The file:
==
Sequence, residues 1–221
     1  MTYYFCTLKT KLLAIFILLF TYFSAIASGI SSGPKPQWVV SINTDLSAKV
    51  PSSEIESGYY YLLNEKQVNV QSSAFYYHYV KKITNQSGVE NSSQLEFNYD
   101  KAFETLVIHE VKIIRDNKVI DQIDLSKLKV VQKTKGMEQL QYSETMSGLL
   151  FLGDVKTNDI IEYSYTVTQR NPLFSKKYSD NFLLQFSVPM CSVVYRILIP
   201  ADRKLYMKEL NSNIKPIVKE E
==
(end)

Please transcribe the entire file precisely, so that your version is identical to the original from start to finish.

Sequence, residues 1–221
     1  MTYYFCTLKT KLLAIFILLF TYFSAIASGI SSGPKPQWVV SINTDLSAKV
    51  PSSEIESGYY YLLNEKQVNV QSSAFYYHYV KKITNQSGVE NSSQLEFNYD
   101  KAFETLVIHE VKIIRDNKVI DQIDLSKLKV VQKTKGMEQL QYSETMSGLL
   151  FLGDVKTNDI IEYSYTVTQR NPLFSKKYSD NFLLQFSVPM CSVVYRILIP
   201  ADRKLYMKEL NSNIKPIVKE E